The procedure for challenging an initial determination that a Vermont claimant is ineligible for Title II disability benefits is set out in the Act and regulations adopted thereunder, and is explained in greater detail in the district court's opinions dated December 28, 1979 and August 19, 1981. The claimant's first step is to request reconsideration of his claim at the District Office (DO) of the Social Security Administration (SSA). That office locates the claimant's folder (which, the district court found, is not always easy) and forwards it to the appropriate Disability Determination Agency (DDA). The claim is then subjected to de novo review, which often entails updating the file with new evidence gathered at the claimant's initiative or pursuant to a request of the DDA. When the DDA completes its reconsideration, the claim follows one of several routes. A case involving a "new" claimant (one who had not been previously receiving benefits) is rerouted to the DO and a reconsideration notice is sent to the claimant by the DDA either by computer or manually. The DDA may, however, delay sending notice while it undertakes a "quality assurance review" of its own, or sends the case to the Office of Disability Operations (ODO) in Baltimore, Maryland for a quality control review. A case involving cessation of payments to an "old" claimant (one who was previously receiving benefits) is always sent to ODO for a final review before notice of denial is sent to the claimant. In either case, once a claimant receives notice of an adverse determination on reconsideration, he is entitled to a fair hearing before an administrative law judge. The claimant is not, however, entitled to resort to federal court to reverse a denial of benefits until he has run the full gauntlet of administrative review.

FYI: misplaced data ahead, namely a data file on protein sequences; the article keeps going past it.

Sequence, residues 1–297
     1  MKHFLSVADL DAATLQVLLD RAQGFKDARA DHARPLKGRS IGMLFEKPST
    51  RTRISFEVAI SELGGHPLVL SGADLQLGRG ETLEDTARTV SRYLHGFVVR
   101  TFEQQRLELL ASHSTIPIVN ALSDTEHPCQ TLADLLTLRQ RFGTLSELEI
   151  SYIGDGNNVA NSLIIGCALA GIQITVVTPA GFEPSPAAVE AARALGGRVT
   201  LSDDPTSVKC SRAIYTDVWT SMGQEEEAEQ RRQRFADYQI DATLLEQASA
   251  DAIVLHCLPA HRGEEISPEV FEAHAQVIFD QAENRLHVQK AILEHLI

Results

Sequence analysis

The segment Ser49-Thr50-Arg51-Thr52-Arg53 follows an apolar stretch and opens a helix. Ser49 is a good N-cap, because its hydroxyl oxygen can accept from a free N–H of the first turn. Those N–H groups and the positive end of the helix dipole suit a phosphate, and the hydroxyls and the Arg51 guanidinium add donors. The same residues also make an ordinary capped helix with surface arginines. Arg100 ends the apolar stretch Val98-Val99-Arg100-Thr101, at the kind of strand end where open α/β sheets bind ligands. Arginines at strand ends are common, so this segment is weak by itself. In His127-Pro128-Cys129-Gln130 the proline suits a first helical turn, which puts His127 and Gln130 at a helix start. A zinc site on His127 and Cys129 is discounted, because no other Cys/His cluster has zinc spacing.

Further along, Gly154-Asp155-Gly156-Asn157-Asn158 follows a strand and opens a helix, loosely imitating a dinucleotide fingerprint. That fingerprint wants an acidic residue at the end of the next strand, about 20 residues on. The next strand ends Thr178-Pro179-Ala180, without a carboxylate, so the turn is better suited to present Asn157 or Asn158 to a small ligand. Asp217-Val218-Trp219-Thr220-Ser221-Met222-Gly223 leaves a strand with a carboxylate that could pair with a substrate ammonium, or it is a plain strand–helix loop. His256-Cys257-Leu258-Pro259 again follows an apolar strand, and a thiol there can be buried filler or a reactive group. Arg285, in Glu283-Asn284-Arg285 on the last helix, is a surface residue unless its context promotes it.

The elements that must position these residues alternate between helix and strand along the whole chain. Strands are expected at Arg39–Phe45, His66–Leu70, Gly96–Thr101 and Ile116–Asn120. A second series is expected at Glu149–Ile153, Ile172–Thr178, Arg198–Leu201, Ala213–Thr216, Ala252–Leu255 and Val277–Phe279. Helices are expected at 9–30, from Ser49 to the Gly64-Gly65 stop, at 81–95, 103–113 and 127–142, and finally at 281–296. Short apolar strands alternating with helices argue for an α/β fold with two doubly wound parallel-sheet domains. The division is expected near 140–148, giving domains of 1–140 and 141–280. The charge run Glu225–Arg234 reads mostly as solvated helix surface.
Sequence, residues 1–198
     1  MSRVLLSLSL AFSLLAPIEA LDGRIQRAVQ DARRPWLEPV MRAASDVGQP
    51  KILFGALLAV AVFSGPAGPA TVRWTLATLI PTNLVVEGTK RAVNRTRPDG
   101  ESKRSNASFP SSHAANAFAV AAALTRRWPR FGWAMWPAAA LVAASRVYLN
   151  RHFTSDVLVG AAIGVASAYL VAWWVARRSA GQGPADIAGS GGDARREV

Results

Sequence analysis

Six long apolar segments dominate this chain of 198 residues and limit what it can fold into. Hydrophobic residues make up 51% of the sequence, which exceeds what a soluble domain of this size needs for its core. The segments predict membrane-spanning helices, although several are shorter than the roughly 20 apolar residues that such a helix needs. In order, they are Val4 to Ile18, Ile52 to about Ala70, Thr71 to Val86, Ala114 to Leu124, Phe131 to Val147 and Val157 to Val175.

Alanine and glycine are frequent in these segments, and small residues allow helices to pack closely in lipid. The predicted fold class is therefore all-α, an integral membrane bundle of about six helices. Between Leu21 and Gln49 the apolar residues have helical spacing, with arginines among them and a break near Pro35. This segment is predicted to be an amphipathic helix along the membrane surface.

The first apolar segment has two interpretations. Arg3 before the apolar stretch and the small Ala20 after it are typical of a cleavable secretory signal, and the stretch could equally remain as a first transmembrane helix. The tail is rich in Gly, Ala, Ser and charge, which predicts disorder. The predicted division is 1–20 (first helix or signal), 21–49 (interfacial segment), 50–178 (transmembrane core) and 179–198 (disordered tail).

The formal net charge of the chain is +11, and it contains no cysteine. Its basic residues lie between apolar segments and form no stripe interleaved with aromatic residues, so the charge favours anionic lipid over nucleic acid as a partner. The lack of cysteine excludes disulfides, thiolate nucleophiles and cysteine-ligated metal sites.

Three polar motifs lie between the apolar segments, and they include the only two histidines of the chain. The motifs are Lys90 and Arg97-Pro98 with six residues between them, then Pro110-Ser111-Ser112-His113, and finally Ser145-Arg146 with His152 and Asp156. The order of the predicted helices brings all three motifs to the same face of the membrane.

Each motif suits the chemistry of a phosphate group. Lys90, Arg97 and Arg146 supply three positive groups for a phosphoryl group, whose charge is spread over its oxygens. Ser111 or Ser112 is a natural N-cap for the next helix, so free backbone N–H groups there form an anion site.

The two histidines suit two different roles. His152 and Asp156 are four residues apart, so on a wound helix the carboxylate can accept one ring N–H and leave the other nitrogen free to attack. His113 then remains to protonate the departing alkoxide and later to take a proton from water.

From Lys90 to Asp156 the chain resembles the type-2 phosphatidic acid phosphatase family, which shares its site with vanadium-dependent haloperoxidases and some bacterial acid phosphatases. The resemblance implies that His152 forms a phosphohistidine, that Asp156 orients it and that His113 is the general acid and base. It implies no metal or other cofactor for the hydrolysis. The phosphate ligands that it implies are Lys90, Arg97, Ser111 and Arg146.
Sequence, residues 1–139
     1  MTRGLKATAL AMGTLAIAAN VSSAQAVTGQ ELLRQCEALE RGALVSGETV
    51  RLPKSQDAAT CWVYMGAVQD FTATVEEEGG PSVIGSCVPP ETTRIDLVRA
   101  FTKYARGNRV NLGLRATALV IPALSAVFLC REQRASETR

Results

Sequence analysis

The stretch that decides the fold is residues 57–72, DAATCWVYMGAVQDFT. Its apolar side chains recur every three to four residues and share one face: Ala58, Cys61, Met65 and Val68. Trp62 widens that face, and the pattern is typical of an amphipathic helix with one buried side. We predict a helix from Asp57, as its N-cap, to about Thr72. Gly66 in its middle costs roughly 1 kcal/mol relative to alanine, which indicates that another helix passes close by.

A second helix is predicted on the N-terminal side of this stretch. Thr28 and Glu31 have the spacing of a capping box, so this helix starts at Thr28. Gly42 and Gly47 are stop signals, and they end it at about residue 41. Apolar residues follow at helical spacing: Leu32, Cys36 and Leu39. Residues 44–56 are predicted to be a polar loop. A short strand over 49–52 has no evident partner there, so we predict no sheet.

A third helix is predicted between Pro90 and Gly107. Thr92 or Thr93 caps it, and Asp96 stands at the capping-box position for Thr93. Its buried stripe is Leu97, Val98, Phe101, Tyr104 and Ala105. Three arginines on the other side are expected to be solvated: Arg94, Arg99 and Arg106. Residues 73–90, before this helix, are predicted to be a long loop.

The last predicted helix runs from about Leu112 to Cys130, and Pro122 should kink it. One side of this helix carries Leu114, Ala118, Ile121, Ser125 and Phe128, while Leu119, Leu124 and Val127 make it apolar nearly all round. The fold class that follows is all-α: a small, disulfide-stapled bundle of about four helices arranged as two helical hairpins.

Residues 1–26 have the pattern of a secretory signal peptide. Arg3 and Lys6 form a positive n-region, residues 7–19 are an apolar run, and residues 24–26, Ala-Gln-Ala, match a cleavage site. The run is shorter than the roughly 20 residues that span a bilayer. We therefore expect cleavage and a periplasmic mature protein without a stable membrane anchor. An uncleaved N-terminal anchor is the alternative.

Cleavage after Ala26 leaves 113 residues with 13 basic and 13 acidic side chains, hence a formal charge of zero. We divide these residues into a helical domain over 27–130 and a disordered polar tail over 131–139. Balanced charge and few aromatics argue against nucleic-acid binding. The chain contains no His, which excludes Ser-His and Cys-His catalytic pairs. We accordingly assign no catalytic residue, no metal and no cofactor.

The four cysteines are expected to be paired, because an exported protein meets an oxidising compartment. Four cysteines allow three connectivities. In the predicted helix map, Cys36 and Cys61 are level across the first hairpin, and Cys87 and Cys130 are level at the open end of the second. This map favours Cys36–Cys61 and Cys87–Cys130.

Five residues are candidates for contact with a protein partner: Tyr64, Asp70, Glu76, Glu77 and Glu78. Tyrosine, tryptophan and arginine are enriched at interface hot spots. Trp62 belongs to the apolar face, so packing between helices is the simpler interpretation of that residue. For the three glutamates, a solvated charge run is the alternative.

In the district court, appellees claimed that two kinds of delay violated their constitutional rights under the due process clause of the fifth amendment and their statutory rights under the Administrative Procedure Act, 5 U.S.C. § 555(b)2 and the Social Security Act, 42 U.S.C. § 405(b).3 First, they maintained that SSA took an unreasonable amount of time to dispose of a claim once a claimant had made a request for reconsideration.4 Second, they claimed that the time between a request for a hearing and the date of hearing was unreasonably lengthy.5 In his December 1979 opinion, Chief Judge Holden granted summary judgment in favor of appellees on the latter issue, finding that the unreasonable delay in scheduling hearings contravened the Social Security Act. In his August 1981 opinion, after considerable additional briefing, the judge came to the same conclusion on the reconsideration issue. He evaluated the delay there by the same standard used on the hearing issue because he reasoned that since "(t)he time necessary to complete a reconsideration is included in the time that the claimant must wait before he is afforded a hearing ... (u)nreasonable delays in the reconsideration procedures trench on the statutory duty to provide a hearing within a reasonable time."